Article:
A nobleman describes the October Days (1789)


Charles, Marquis of Ferrières, was a French aristocrat, diplomat and delegate to the Estates General. Here the Marquis describes the events of the October Days, when the king and his family were forced to leave Versailles and take up residence in Paris:


“At six in the morning a crowd of women and armed men assembled in the square [at Versailles], summoned by the beating of drums. Shouts of rage against the royal bodyguards were heard. One of these columns marched up to the Royal Gate but found it locked. Another got through by the gate of the chapel, which was open. One of the National Guards from Versailles led the way up the King’s staircase… Some of the Bodyguard ran up and said: “My friends, you love your King and yet you even come into his palace to disturb him.” No one answered.

The column continued to advance. The Bodyguard mustered in their hall. The doors were soon broken down and they were forced to evacuate it. The conspirators approached the Queen’s apartments crying “We are going to cut off her head, tear out her heart, fry her liver – and that won’t be the end of it.” Miomandre flew to the door of the first anteroom, opened it hurriedly and called to a lady whom he saw: “Save the Queen, they mean to kill her. I am alone facing two thousand tigers. My comrades have been obliged to quit their hall.” After these few words Miomandre shut the door and bravely waited for the conspirators. One of them tried to stab him with his pike but he parried the blow. Another taking the pike by the head, struck him a blow with the butt which felled him to the ground… Miomandre, streaming with blood, was left for dead.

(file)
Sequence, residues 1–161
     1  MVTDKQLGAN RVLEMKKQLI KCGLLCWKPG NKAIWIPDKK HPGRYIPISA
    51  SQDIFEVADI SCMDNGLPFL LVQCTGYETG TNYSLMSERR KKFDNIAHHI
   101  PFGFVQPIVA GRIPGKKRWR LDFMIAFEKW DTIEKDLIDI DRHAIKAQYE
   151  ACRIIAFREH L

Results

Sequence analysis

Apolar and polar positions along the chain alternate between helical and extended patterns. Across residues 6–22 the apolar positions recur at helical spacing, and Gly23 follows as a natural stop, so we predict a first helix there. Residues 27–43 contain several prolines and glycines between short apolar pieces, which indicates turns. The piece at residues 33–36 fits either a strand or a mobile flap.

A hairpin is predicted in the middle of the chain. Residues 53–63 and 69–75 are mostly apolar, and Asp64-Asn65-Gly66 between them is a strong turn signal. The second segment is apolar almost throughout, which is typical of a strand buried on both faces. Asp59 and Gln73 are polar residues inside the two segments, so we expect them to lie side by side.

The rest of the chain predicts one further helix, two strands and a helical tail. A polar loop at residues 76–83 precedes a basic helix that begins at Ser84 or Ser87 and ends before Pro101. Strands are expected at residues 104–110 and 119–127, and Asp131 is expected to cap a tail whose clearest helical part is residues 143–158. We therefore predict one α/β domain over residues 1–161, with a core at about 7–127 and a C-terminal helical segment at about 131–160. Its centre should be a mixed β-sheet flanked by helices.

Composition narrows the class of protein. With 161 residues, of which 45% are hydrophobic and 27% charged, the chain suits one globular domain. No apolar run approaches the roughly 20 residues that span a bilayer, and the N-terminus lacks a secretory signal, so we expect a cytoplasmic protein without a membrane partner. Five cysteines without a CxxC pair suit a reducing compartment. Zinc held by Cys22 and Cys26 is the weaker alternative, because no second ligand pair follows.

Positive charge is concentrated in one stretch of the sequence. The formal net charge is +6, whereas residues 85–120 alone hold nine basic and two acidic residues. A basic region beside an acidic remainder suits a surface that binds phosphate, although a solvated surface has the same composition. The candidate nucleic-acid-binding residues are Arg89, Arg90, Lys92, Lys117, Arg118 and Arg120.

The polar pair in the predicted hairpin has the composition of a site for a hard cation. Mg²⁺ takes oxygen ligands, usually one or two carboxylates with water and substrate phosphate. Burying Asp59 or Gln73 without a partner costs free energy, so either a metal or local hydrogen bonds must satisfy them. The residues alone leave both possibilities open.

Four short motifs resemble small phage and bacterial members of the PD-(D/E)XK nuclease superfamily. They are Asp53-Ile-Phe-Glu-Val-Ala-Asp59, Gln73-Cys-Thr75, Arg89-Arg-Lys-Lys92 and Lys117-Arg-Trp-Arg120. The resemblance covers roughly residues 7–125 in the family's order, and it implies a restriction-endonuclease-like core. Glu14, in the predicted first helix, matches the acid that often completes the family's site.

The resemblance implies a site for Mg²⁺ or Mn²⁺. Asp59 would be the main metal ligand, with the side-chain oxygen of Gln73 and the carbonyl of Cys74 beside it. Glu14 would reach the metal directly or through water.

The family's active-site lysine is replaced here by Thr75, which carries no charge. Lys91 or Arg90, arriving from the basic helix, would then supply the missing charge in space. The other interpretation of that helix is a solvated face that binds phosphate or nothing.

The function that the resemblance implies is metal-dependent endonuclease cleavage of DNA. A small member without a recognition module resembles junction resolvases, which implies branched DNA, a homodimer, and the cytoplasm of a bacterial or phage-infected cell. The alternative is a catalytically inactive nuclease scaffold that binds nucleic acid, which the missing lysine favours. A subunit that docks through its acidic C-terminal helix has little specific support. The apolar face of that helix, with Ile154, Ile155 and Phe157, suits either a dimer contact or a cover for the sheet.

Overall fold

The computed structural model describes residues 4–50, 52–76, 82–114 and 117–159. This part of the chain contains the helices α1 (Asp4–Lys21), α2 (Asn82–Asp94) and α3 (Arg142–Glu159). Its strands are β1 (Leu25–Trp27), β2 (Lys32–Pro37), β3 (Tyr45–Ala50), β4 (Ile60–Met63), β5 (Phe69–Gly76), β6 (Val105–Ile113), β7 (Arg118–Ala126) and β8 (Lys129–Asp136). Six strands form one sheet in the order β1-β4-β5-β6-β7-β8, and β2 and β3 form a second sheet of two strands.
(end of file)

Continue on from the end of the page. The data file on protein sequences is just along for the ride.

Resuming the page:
The conspirators poured into the great hall. Meanwhile the Duke of Orléans, in a grey frock coat and a round hat with a riding whip in his hand, was walking cheerfully around the groups, who filled the parade ground and the courtyards of the Chateau. He smiled at some and talked in a free and easy manner with others. All round him the air resounded with cries of “Our father is with us: Long live King Orléans.” Encouraged by these tributes to his popularity the Duke marched for a while with this group, but on reaching the top of the stairway he did not dare to traverse that gap which, in the definition of crime, separates intention from execution. He contented himself with pointing towards the Queen’s apartment and, turning towards the King’s quarters, disappeared.

Meantime Madame Auger, first Lady of the Bedchamber, got the Queen into a petticoat and threw a cloak over her shoulders. The Queen then ran up the private staircase leading to the King’s apartment and knocked at the door of the antechamber. In the noise and confusion her knocks were not heard and she waited for a few moments in fearful anxiety. At last the door was opened. The Queen entered and burst into tears calling, “Save me, my friends, my dear friends.”

The conspirators now in possession of the hall of the bodyguard broke down the doors leading to the Queen’s apartment and burst into her bedroom. Approaching the bed they stabbed it with their pikes. The men of the Bodyguard, who had barricaded themselves behind tables and stools, could not hold out for long. The tops of the tables were being knocked to pieces by repeated blows. The Duke was about to enjoy the fruit of his crimes. Then the Grenadiers of the old French Guards rushed up and, putting the conspirators to flight, occupied the inner post…